I don’t typically review books, here, but it felt right to do so, because I’m kind of infatuated with the novel, Grasshopper Jungle by Andrew Smith, which publishes tomorrow.

I’m fortunate enough to have picked up an Advanced Reader Copy while at ALA Midwinter. Here it is with Summer on the Short Bus, which I intend to review in April:

GJ & Short Bus pic

Grasshopper Jungle is about small town Iowa becoming overrun by genetically engineered praying mantis, resulting in the apocalypse. I know, it sounds crazy, but there’s so much more to it than corn, Iowa, praying mantis, and more corn.

It’s an awesome read about friendship and loyalty, with one extremely flawed protagonist––more on Austin in a minute. However, the story takes its time in developing the central conflict. There are hints of it, but most of the 128 pages prior to things really hitting the fan are filled with exposition and characterization, as well as a mix of secondary conflicts and accounts of history. And horniness.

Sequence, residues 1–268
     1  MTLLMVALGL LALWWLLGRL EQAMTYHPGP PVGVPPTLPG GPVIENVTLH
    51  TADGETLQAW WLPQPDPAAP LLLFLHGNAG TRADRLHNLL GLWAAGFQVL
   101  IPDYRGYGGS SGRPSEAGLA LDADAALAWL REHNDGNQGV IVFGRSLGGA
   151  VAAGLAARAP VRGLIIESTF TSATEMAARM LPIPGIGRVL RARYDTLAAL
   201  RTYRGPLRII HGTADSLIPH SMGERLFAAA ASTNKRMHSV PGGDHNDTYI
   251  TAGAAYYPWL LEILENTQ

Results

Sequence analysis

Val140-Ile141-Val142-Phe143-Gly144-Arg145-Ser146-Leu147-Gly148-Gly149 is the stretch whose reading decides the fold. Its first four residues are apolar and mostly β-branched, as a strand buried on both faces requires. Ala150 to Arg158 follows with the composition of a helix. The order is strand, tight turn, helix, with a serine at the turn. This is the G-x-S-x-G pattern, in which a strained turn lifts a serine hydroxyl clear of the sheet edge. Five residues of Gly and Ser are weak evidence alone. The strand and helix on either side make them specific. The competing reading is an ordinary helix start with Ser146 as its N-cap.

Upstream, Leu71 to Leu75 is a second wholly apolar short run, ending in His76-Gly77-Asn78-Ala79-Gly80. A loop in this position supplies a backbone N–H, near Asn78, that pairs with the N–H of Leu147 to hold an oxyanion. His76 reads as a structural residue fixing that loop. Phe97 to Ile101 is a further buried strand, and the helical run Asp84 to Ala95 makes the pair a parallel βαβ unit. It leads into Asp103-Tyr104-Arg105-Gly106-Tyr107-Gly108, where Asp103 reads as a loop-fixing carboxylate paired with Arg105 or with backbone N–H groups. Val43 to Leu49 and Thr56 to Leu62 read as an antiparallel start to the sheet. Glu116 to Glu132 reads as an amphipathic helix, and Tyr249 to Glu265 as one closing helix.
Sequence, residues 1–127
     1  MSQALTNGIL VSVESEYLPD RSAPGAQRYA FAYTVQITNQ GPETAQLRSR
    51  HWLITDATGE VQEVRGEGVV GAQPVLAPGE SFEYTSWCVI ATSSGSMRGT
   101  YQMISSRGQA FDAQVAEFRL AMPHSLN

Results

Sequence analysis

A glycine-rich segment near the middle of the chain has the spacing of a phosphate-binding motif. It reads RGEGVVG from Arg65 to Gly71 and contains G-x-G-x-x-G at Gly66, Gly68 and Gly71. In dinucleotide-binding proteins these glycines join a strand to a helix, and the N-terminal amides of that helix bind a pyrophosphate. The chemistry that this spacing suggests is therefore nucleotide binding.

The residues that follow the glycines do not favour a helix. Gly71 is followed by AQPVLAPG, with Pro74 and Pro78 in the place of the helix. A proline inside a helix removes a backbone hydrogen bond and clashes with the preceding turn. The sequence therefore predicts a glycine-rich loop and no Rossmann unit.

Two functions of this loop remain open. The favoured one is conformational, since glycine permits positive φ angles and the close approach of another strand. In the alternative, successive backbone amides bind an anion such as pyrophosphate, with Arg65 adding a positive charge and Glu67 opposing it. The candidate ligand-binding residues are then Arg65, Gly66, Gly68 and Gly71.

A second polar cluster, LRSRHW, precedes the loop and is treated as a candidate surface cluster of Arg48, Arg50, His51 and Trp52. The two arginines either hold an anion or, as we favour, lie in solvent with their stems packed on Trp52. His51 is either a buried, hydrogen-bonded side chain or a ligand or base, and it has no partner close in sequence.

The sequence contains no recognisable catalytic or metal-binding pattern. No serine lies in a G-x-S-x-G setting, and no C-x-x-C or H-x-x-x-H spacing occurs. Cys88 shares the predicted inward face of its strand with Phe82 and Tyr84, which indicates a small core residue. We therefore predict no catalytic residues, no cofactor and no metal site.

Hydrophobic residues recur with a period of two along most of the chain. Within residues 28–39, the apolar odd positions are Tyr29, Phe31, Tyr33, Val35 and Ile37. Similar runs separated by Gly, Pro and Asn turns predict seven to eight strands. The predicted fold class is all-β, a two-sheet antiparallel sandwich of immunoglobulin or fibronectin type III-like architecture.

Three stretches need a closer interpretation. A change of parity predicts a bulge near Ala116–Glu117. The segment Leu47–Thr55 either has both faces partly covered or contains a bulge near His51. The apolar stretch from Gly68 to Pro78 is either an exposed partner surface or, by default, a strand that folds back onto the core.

The protagonist, Austin, is very easily aroused, by everything: his girlfriend, his best friend, situations that make sense for arousal, and those that have no connection to sensuality. Yet, that’s his quirk, which, for me, made him an endearing character, in spite of his gross selfish interest. Really, he says he loves his girlfriend, Shan, and friend, Robby, but he has a very difficult time showing that love. Lust, on the other hand, is no issue for Austin. He’s filled with it. And such a distinction is important for teens to see.